In the above example, the dependent.js file is given a script ID (custom-dependency), declared the location (plugins_url( ‘/js/dependency.js’), and then tells WordPress that this dependent.js script file requires (depends upon) jQuery to be loaded.
Load a Script in the Header or Footer
Sometimes you MUST load a script and/or stylesheet in the header in order for the site to function properly. But sometimes you can have the script load right before the closing of the </body> tag. There are many benefits of loading a script at the end of a page, but one of the key ones is it improves the speed of a site and helps eliminate “render-blocking scripts” that you’ll see in lots of website speed measurement reports.
This is where another benefit of the enqueueing functionality in WordPress comes into play. Using the fifth parameter in the wp_enqueue_script function (note: the fourth parameter is an optional version number of the script/stylesheet), we can specify whether or not to load the script in the header or the footer.
In the fifth parameter, by stating the argument to be true, the script will be loaded in the footer. If you state the fifth parament to be false, the script will be loaded in the header. (NOTE: if you leave off this fifth parameter, the script will automatically be loaded in the header.) This header/footer option as a fifth parameter is only utilized in a script enqueue process (wp_enqueue_script). If you are dealing with a stylesheet (wp_enqueue_style), there is a different parameter used in this location.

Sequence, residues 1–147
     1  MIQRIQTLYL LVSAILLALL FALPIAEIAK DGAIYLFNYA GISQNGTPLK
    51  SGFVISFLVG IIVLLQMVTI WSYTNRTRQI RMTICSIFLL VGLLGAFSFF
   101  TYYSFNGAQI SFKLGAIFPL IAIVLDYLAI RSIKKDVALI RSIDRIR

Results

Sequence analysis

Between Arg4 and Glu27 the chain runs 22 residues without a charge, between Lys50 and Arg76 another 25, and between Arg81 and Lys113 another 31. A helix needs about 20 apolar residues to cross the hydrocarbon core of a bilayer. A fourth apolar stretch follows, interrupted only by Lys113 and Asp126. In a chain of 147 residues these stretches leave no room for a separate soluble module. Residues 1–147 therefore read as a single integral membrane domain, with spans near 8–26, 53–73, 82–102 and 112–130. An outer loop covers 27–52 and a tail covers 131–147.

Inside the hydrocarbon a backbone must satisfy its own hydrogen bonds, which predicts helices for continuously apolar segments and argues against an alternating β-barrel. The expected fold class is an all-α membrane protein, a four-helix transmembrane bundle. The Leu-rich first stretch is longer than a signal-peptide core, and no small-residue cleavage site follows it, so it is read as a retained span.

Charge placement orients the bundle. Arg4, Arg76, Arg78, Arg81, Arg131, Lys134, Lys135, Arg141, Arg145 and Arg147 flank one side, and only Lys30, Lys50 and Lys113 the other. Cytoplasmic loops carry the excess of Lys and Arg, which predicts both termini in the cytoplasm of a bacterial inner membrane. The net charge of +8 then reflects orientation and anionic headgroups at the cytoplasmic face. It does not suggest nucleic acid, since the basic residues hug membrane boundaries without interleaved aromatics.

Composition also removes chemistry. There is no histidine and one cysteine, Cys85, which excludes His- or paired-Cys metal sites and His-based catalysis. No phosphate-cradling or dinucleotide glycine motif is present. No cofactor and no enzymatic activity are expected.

Only Load a Stylesheet on a Specific Media Type
If you are familiar with writing Media Queries in CSS, you will be right at home with utilizing the fifth parameter in the wp_enqueue_style function. The fifth parameter for those function allows you to control the stylesheet will be loaded based upon which media type is in use. (Example: screen, print, handheld, etc). For more about Media Types, you can read this article.
To dig deeper into wp_enqueue_script function, you can head over to developer.wordpress.org.
wp_enqueue_script( $handle, $src, $deps, $ver, $in_footer );
- $handle = The name of the script. Should be unique
- $src = Full URL of the script, or path relative to the WordPress root directory
- $deps = An array of registered script handles this script depends upon.
- $ver = String specifying a script version number
- $in_footer = Whether or not to enqueue the script in the header or footer (true/false)
To dig deeper into wp_enqueue_style function you can head over to developer.wordpress.org.
wp_enqueue_style( $handle, $src, $deps, $ver, $media );
- $hanlde = The name of the stylesheet. Should be unique
- $src = Full URL of the stylesheet or path relative to the WordPress root directory
- $debs = An array of registered stylesheet handles this stylesheet depends upon.
- $ver = String specifying stylesheet version
- $media = The media for which this stylesheet has been defined.
wp_enqueue_scripts (plural) is the WordPress hook that we connect a PHP function containing our wp_enqueue_script() and wp_enqueue_style() functions in order to connect all our assets (scripts and stylesheets) in WordPress.